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With Biden headed to the White House, what will change on nuclear weapons policy?

With the election behind us, President-elect (and former Vice President) Joe Biden’s return to the White House will provide a different landscape for activists working toward a nuclear weapons free world. During the campaign, we saw glimpses of the President-elect’s perspective towards nuclear weapons policy. So what can we expect to change?

When a representative from PSR’s allied group Union of Concerned Scientists asked—on the campaign trail—for his opinion on a “No First Use” policy, Biden’s answer was caught on tape.

If you would like to learn more about the President-elect’s stances on nuclear weapons issues, check out this questionnaire by the Council for a Livable World where Biden reveals his thoughts on some key issues. Some excerpts:

Q: Do you agree with former President Ronald Reagan’s statement that a nuclear war can never be won and so must never be fought?

A: “YES. Our nuclear arsenal should be managed in a way that deters the use of nuclear weapons and makes nuclear use less likely. The use of even one nuclear weapon would be catastrophic, cause significant casualties, and result in enduring radiation that could affect millions of humans, as well as the environment. There would be no “winners” in a nuclear exchange.”

Q:  Do you believe the United States can maintain a safe, secure, and effective nuclear arsenal for less than the current estimated costs of $1.2 trillion over the next 30 years?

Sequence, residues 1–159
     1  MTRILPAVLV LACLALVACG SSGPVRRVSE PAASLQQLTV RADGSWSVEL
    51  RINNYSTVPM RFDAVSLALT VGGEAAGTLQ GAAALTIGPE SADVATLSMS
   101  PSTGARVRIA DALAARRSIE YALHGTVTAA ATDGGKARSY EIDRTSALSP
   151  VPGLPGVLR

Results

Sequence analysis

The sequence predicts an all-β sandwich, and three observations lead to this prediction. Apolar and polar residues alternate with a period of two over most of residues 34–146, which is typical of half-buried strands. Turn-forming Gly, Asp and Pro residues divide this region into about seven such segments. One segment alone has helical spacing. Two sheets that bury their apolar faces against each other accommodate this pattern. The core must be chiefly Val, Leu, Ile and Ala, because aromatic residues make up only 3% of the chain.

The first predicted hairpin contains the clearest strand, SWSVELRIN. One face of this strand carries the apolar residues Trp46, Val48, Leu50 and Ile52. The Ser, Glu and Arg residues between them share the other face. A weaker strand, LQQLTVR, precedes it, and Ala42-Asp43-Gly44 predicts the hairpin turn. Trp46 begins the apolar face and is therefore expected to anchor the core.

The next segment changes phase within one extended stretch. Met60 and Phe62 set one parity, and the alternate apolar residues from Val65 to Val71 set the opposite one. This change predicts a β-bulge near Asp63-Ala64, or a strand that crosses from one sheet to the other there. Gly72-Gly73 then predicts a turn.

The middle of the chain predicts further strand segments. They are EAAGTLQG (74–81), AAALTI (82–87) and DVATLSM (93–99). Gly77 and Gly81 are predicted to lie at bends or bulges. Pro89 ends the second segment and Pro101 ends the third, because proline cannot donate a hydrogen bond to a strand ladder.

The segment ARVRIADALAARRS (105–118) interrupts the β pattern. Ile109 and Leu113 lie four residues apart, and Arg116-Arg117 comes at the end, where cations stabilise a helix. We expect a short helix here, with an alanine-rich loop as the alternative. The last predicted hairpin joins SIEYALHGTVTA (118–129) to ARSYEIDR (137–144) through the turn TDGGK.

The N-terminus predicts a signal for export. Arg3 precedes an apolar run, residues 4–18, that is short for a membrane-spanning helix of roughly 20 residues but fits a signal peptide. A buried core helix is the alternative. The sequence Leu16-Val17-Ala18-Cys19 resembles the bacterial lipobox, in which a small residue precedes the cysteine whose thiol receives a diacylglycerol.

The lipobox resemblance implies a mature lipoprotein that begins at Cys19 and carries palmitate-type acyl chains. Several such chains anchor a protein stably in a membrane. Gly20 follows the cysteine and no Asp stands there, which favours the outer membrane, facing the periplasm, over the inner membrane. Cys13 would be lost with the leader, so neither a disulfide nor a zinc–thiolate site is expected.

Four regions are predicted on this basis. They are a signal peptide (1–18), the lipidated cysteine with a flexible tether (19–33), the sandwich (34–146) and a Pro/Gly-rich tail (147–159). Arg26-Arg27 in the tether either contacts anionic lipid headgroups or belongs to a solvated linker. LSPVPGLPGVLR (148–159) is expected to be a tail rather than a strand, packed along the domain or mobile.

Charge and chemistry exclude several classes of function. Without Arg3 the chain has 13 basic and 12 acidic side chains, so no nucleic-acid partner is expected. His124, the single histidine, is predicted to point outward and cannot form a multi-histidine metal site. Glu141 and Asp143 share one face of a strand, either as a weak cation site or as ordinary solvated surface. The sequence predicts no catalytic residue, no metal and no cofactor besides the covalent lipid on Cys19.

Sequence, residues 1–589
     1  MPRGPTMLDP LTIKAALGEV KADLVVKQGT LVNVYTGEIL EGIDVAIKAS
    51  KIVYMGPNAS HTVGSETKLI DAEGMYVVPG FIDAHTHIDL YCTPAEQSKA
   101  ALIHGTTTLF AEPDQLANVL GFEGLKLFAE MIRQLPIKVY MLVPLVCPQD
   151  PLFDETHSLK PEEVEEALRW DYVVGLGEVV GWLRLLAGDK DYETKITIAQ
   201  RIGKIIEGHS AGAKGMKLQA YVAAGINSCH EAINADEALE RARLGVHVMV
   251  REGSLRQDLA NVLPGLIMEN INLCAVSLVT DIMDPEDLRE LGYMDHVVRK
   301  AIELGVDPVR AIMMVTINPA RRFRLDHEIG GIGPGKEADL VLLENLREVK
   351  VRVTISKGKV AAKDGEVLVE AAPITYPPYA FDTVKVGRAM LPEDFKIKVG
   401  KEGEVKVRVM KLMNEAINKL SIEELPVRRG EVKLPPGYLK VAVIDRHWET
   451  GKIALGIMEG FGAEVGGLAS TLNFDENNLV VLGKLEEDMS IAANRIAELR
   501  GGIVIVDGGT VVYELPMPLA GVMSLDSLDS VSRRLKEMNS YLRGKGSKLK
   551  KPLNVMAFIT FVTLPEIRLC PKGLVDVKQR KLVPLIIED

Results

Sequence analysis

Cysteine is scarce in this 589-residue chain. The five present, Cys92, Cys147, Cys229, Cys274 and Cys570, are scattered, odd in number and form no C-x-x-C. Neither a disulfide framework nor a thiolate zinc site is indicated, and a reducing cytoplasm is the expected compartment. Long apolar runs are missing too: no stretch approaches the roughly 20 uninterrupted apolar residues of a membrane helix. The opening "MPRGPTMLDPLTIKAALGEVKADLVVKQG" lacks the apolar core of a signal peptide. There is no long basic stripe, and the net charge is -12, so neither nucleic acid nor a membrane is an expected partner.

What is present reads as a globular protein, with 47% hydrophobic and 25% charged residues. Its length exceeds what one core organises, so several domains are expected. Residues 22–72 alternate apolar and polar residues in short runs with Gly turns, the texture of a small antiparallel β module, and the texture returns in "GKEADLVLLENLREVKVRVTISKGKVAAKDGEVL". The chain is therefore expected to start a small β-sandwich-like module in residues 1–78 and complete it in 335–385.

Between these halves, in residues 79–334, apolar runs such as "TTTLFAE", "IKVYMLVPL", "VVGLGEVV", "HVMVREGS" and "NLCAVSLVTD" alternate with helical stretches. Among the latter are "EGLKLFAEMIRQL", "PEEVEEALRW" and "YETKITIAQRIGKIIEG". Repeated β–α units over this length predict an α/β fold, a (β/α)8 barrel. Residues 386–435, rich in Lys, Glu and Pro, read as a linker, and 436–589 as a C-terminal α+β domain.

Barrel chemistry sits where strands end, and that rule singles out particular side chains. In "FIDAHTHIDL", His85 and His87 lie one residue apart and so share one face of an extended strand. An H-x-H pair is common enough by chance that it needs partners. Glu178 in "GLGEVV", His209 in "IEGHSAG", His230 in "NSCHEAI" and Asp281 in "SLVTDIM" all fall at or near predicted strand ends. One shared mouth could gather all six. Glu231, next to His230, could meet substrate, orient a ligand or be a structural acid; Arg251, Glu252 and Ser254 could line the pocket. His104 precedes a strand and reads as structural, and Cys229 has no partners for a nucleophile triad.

A: “YES. A Biden administration will work to maintain a strong, credible deterrent while reducing our reliance and excessive expenditure on nuclear weapons. My administration will pursue a sustainable nuclear budget that maintains a viable deterrent for us and our allies.”

Not to be forgotten, the Vice President-elect, Kamala Harris, is also an important figure to consider when it comes to potential policy changes around nuclear weapons and defense issues. During the campaign, Harris opposed President Donald J. Trump’s withdrawal from international treaties and agreements and promised to “revitalize” U.S. alliances around the world. According to the Council on Foreign Relations,

“Harris voted against increasing defense spending, promised to limit U.S. military engagements abroad, and called white supremacist violence the top domestic terrorism threat. On climate change, she rolled out a plan to direct $10 trillion in public and private spending toward a Green New Deal to transition to a clean economy and address environmental injustices.”

Along with allied organizations, PSR signed onto a letter to the Biden Transition Team organized by the Arms Control Association, to ensure the right issues are prioritized by his administration. In this letter, the organizations indicated “immediate, smart, and bold American leadership is required to reduce the threat of nuclear catastrophe and put us on a path to the peace and security of a world free of nuclear weapons.” It remains to be seen how many of these defense issues will be top priority for the President- elect in the coming months.

Additionally, PSR has supported the fight to reconsider excessive defense spending, seeing nuclear weapons spending as a crucial part of that debate moving forward. To that end, PSR signed onto  a transition memo, led by our allies at Public Citizen, focused on increasing transparency and accountability and reducing waste at the Pentagon. This memo includes calls to cut investments in the Ground Based Strategic Deterrent, new land based missiles, which would save at least 268 billion dollars.

PSR plans to work with these allies to hold the next administration accountable to its commitments and build congressional support to push the President towards a new kind of national defense strategy which prioritizes people over profit. To learn how you can help achieve a nuclear weapons free future, get in touch with PSR national staff or your local PSR chapter.